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A Story As Old As Time – guest post by Horace Trubridge, Assistant General Secretary, Musicians’ Union


In the first of our guest blog posts, Horace Trubridge, Assistant General Secretary of the Musicians’ Union, writes about the up-coming London 2012 Olympics and finds that, as usual, musicians are getting a raw deal.  If you have had a similar experience or would like to join the debate, please do leave a comment underneath the post.

A Story as Old as Time

John and Peter are busy putting together the final arrangements for the last supper:









“Well that’s it then,”

“Yep, lucky too cos we’ve run out of money, that’s the budget all gone.”

“Oh, that’s a shame, I thought of something else that would really make the party go with a swing.”

“What’s that?”

“A band!”

“Oh but that’s a brilliant idea, Jesus loves music!”

“Yes, but we’ve got no money to pay the musicians, remember, budget all gone and stuff”

“Oh yeah……. hold on though, us disciples are pretty important people right, so why don’t we just tell the musicians that we can’t pay them but it will be great exposure for them?”

“Brilliant! I’ll get on to it.”

Whilst it may be the case that Leonardo Da Vinci encoded musical notes in his masterpiece depicting The Last Supper, the Bible makes no mention of musicians performing at the gathering which suggests to me that when approached by John they turned him down and let it be known in no uncertain terms that exposure does not pay the bills.

Fast forward 2012 years and hop over to the UK where everyone is contracting Jubilympic fever. The London 2012 Olympics and the Queens Jubilee celebrations are carving a swathe through all other activities during 2012 and we’re all being told that we can look forward to events and celebrations the like of which we have never seen before. Literally gazillions of pounds of my money and yours has been spent on London 2012 and those monolithic titans of corporate sponsorship McDonalds and Coca-Cola will be all over everything.

The arts community in the UK has seen millions of pounds of money otherwise destined for cash-strapped arts groups diverted to the Cultural Olympiad at a time when arts and culture in the UK is suffering from the most swingeing cuts in funding seen for many years.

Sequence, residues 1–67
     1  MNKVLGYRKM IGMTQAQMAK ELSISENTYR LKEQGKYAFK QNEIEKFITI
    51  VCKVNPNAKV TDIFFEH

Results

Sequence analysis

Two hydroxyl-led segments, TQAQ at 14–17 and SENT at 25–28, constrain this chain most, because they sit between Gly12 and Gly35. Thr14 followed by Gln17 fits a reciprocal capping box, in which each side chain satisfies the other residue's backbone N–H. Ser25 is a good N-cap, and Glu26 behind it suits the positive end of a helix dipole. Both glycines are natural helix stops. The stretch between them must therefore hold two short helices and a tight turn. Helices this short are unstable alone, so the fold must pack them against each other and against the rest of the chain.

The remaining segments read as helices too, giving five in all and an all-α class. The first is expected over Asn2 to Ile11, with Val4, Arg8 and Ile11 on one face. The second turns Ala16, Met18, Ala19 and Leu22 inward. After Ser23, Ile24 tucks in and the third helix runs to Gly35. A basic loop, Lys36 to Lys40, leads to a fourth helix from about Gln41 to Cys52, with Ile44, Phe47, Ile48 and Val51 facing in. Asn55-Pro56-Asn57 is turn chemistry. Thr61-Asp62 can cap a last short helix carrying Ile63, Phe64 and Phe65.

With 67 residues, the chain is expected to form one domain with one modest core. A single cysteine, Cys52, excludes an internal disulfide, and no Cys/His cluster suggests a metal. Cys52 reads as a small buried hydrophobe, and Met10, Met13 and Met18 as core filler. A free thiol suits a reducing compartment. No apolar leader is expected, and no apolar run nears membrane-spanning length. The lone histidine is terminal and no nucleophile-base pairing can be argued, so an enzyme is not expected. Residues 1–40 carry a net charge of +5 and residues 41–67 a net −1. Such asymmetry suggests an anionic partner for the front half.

So, how do I feel when I get a call from a professional musician telling me that his band has been offered a shed load of work during games time but that there is no money to pay them? In fact, those immortal words “you should do it because it’s great exposure” were, of course, uttered – that’s a rhetorical question needless to say.

Over £240M spent on security, lord (yes, him again) only knows how much spent on staging, lighting, equipment, porta-loos, catering and the like but exactly how much spent on musicians? I ask because I simply don’t know. In fact I have yet to speak to a musician who has been offered a paid gig during the Jubilympics and I’ve spoken to quite a few who have been told that there is simply no money to pay the musicians.

It’s a disease. Otherwise perfectly decent, honest, fair-minded people genuinely believe that musicians do it simply for the love of it and are happy to turn out a tune whether paid or not. It’s no wonder that so many of the MU’s members have to supplement their income from music by doing other jobs like tiling, plastering and plumbing. So try this, next time you hear your plumber whistling a theme from Wagner’s Tannhauser with a smile on his face, tell him that he doesn’t need paying because he’s clearly enjoying himself and anyway it’s great exposure because you’re going to tell all your friends what a great plumber he is. Good luck.

Horace Trubridge
Assistant General Secretary, Musicians’ Union


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5 thoughts on “A Story As Old As Time – guest post by Horace Trubridge, Assistant General Secretary, Musicians’ Union

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  1. I have a pal, a fellow musician from way back who is also still an agent. He tells a version of the Plumbers’ story which is that if he quotes a price for a band on (say) a Saturday evening and gets a negative comment about the price he invites those booking/promoting to get quotes from four/five local plumbers for three hours work plus travelling time on such an evening. He’ll then match their combined price.

  2. This story has musicians’ blood boiling around the world. I hope it helps draw some attention to the fact that we are professionals and deserve to be paid as such. pompeypop — I love your story, and I’m stealing it 🙂

  3. While visiting the MU recently, I had the pleasure of reading “How cheap is free?” by Mr. Trubridge , and now I find this article. The loved and respected Canadian songwriter, Connie Kaldor, once said “Where I come from, one can die of exposure”.

  4. Pingback: Curfews askew: Some thoughts on gigs and the games |

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